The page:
Shirley now appeals the Tax Court's order requiring her to pay deficiencies of $1780.52 for 1980 and $2,084.54 for 1981. Although the Commissioner has filed a brief supporting Shirley's position, he also has appealed the Tax Court's decision in Larry's case in order to protect the government's interests in the event that Shirley prevails in her appeal.


The Commissioner and Shirley argue, as they did before the Tax Court, that she properly excluded the principal amounts of the payments from her gross income because the payments were nontaxable property distributions under the divorce decree. They cite this court's decision in Schatten v. United States, 746 F.2d 319 (6th Cir.1984), in support of their contention that the plain language of the decree should not be subject to collateral attack since there is no indication that mistake, undue influence, fraud or duress was involved in the litigation.


Larry argues that he properly deducted the noninterest portion of the payments from his gross income as alimony. He contends that the tax court was not bound by the state court's describing the entire $72,500 award as Shirley's "share of the marital property." Thus, he argues the Tax Court correctly concluded:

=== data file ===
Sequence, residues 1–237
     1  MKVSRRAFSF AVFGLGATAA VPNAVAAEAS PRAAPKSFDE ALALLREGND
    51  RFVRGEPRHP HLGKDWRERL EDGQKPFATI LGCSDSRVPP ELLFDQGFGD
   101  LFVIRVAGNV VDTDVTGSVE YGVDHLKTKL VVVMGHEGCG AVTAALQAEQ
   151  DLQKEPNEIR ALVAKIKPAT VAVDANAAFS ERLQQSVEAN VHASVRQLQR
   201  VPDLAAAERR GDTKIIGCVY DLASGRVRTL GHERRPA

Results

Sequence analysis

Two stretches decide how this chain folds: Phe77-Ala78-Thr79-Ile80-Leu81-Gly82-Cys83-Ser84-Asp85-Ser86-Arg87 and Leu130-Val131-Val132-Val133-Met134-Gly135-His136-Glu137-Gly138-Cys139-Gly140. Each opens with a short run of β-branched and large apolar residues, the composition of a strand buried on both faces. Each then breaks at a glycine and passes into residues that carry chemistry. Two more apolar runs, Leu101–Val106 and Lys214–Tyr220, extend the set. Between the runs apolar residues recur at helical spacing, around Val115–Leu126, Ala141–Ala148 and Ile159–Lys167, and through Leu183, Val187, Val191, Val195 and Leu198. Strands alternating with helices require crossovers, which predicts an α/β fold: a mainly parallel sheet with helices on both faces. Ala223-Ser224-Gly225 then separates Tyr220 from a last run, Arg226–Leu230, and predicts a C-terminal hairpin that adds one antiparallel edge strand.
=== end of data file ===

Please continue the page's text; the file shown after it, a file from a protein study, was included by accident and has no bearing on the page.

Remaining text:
that the county court decree is ambiguous and that the $72,500 award to Shirley represented a property settlement as well as a provision for maintenance,




The finding by the county court that Larry and Shirley contributed equally to the acquisition of the property they owned when they were divorced indicates that Shirley was entitled to $13,375 by way of a property settlement. This sum represents 50 percent of the family's net worth.... [S]he received the home furnishings worth $4,000, Larry's country club membership worth $600, and her separate property with a net value of $529, as reflected in the commissioner's report, and the periodic cash payments totaling $72,500 representing a total of $77,629. Taking into account all relevant facts and circumstances, we conclude that $64,254 ($77,629-$13,375) of this total was intended as support, and that 82.8 percent ($64,254 divided by $77,629) of the cash payments (noninterest portion) each year are includable in Shirley's income under section 71 and deductible from Larry's income under section 215.